Destined for Greatness: Passions, Dreams, and Aspirations in a College Music Town



Pursuing the dream of a musical vocation-particularly in rock music-is typically regarded as an adolescent pipedream. Music is marked as an appropriate leisure activity, but one that should be discarded upon entering adulthood. How then do many men and women aspire to forge careers in music upon entering adulthood? In Destined for Greatness, sociologist Michael Ramirez examines the lives of forty-eight independent rock musicians who seek out such non-normative choices in a college town renowned for its music scene. He explores the rich life course trajectories of women and men to explore the extent to which pathways are structured to allow some, but not all, individuals to fashion careers in music worlds. Ramirez suggests a more nuanced understanding of factors that enable the pursuit of musical livelihoods well into adulthood.
... From the early and seminal works of Faulkner (1971), Bennett (2017Bennett ( [1980), Finnegan (2007Finnegan ( [1989) and Cohen (1991) onwards, how musicians work and how their labour is defined and valued has been an area of academic focus. Since the turn of the century there has been an increasing emphasis on musicians' creative labour (Banks, 2010;Gable, 2018;Hesmondhalgh and Baker, 2011;O'Sullivan, 2016;Stahl, 2013;Thompson, 2019;Ramirez, 2018). Important debates have emerged as to whether or not musicians actually work (Frith, 2016) and the expanding expectations of what music makers have to do (Hracs, 2012;Taylor, 2016), as well as various attempts to define and quantify their labour (Bataille and de Brabandère, 2019;Umney and Kretsos, 2014;Umney, 2016). ...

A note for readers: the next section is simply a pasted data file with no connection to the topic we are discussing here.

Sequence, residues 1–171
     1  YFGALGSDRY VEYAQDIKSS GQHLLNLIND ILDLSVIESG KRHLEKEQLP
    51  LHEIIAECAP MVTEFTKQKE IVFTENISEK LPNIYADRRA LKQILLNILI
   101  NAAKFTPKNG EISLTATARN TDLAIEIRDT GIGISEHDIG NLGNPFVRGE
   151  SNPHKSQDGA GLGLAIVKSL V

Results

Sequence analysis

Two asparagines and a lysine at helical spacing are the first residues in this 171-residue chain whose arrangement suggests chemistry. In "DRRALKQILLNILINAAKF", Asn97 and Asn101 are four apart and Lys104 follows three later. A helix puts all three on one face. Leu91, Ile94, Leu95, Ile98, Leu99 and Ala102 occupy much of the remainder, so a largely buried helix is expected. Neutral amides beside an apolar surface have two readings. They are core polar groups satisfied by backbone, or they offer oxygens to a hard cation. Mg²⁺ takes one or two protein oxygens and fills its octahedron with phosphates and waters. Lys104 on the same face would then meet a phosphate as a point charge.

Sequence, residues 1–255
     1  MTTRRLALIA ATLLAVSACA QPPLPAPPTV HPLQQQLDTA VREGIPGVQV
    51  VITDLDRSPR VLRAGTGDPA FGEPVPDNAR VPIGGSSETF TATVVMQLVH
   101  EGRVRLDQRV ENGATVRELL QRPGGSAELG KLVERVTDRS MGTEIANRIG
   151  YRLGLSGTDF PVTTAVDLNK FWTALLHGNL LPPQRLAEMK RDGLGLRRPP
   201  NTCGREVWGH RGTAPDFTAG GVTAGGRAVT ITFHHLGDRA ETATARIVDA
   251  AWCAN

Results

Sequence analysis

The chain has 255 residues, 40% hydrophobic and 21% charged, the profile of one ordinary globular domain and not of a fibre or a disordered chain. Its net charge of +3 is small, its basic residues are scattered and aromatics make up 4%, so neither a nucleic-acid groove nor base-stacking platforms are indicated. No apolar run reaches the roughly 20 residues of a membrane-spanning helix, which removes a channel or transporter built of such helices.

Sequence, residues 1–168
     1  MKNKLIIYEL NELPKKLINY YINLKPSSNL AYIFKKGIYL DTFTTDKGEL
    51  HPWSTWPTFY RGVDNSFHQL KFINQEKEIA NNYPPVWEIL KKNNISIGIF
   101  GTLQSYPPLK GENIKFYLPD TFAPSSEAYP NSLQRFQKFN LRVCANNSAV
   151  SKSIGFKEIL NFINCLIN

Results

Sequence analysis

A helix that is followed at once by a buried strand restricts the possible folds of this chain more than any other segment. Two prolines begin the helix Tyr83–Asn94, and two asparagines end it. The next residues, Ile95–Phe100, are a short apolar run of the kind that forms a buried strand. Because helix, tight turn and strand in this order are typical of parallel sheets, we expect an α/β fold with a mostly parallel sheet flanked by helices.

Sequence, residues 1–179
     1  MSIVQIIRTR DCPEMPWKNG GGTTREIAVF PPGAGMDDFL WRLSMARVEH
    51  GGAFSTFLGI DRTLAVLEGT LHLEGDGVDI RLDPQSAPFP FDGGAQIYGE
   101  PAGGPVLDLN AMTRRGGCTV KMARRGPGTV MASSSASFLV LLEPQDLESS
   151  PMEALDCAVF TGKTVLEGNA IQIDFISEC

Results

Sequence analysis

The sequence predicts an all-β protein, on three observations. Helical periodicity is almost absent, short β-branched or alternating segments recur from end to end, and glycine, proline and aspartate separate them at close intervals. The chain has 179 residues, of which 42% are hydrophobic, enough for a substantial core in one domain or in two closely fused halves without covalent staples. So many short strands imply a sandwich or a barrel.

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This article reports on the results of an online survey of 175 music makers from the Liverpool City Region (LCR) undertaken in late summer 2020, five months into the UK's response to the COVID-19 pandemic. During this time restrictions eased from a full 'stay at home' lockdown, however restrictions remained in place which prevented live music performances or nightclub events taking place. The following analysis of quantitative and qualitative data responses focused on five key areas in which local musicians were impacted: the financial and social effects arising from the curtailment of live performance; how musicians engaged with live streaming; how being 'locked down' affected creativity when unable to physically collaborate with other musicians; the ways in which musicians maintain online engagement; and the effectiveness of available economic support. The data findings demonstrate that the unparalleled and abrupt cessation of an entire cultural sector's activities had a profound impact on musicians in the LCR. We demonstrate how internet services did, to some extent, provide a form of respite, the study concludes by emphasising the vital importance of being in-the-room-together for virtually all musical activities. Without this sociability, music's inherent social and economic value is severely curtailed.
The symbolic interactionist tradition can contribute to advancing sociological studies of cognition by setting dual process models on more solid ground. I draw on Blumer's epistemological statements and the interactionist tradition more broadly to consider how dual process models of cognition could be applied to naturally occurring situations. I suggest that attending to the ways the past and the future are handled and modified within social interaction provides a usable inroad for the sociology of cognition to engage with situational analysis. I identify “resonance” and “iterative reprocessing” as concepts that are suitable to this end.